Some of that SunShot money is going to a company called EnergySage, Inc., which is tasked with applying the “best practices of web-based shopping” to develop an online comparison tool that will help make it easier for consumers to compare prices for solar installations.

The “Other” Federal Marketplace

If that sounds vaguely like the idea behind the Affordable Care Act’s online Marketplace, healthcare.gov, that’s generally the idea. In fact, earlier this year EnergySage released a version of its shopping tool, which it calls the EnergySage Solar Marketplace.

SunShot gives $60 more for low cost solar power.
Rooftop solar panels courtesy of Arlington County.

As in the health care Marketplace, the Solar Marketplace providers are pre-screened and an automated format makes choosing among numerous options a relatively easy task, while competition for consumers helps keep prices in check.

The first version of the Solar MarketPlace received $500,000 in SunShot funding back in 2012. Based on the success of the Solar Marketplace so far, yesterday the company was awarded another $1.25 million to tweak it some more.

With the new funding in hand, EnergySage will develop the Solar Marketplace thusly:

Planned enhancements will allow consumers to evaluate the suitability, costs and benefits of solar panel systems at their own properties using real-time market data provided by the EnergySage platform prior to initiating the buying process.

The Solar Marketplace system currently provides automatic adjustments for consumers to compare prices and benefits among different sizes and types of installations, and among financing options, too.

As noted previously in CleanTechnica, one standout feature of the Solar MarketPlace is that it provides at least two tiers of engagement, enabling interested consumers to dig deeper into the technology details.

Aside from the obvious benefits to consumers, EnergySage also notes that the Solar Marketplace has benefited the bottom line for solar companies by providing national, mass market exposure to all qualified solar companies, regardless of their size.

Here’s the result, according to EnergySage:

Since its launch, the EnergySage Solar Marketplace has demonstrated its success in closing sales at a much higher rate and shorter sales cycle time than the industry average.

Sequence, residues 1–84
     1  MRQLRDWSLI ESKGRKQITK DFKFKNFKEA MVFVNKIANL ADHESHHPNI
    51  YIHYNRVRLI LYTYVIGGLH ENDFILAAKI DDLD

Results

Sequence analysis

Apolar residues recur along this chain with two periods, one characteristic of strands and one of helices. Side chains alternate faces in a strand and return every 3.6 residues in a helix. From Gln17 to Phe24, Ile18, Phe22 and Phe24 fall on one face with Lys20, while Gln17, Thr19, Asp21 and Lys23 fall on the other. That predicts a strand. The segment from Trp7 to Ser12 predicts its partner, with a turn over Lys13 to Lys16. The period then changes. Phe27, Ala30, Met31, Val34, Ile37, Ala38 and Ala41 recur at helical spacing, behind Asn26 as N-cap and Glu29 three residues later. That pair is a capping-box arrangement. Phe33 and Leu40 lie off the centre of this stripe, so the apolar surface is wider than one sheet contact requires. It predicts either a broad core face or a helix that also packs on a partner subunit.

$60 Million In Funding For Low Cost Solar Energy

The EnergySage award is a good example of SunShot’s singular focus on the goal of driving down the cost of solar energy by any means necessary, rather than focusing exclusively on improving solar cell efficiency.

To that end, the new round of funding devotes $12 million to 17 companies that will help lower the “soft costs” of solar power. That includes the Solar MarketPlace as well as a new rooftop solar mapping tool and automatic installation systems designed for utility-scale solar plants.

The new round also addresses “hard costs” with $16 million in funding for advanced single-junction solar cells (loosely speaking, single-junction refers to solar cells made of one material), and $7 million for durability and performance measurement improvements.

Another factor that can help drive down costs is grid integration, and projects in that field will get $8 million. Some of that funding will go to 150 counties through the National Rural Electric Cooperative Association, to help local electric cooperatives bump up their integration of solar power.

Workforce availability and quality is also a key component in solar costs. To help feed the solar industry a steady stream of qualified workers, the new funding includes a total of $16 million for regional training consortiums, with another $ million going to help ensure education and training opportunities for minority students.

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About the Author

Tina Casey Tina Casey specializes in military and corporate sustainability, advanced technology, emerging materials, biofuels, and water and wastewater issues. Tina’s articles are reposted frequently on Reuters, Scientific American, and many other sites. You can also follow her on Twitter @TinaMCasey and Google+.